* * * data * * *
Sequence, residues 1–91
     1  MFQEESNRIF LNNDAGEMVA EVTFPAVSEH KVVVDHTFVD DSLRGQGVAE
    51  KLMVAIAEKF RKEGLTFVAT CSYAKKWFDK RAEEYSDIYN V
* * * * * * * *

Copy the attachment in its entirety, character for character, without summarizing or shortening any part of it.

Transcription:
Sequence, residues 1–91
     1  MFQEESNRIF LNNDAGEMVA EVTFPAVSEH KVVVDHTFVD DSLRGQGVAE
    51  KLMVAIAEKF RKEGLTFVAT CSYAKKWFDK RAEEYSDIYN V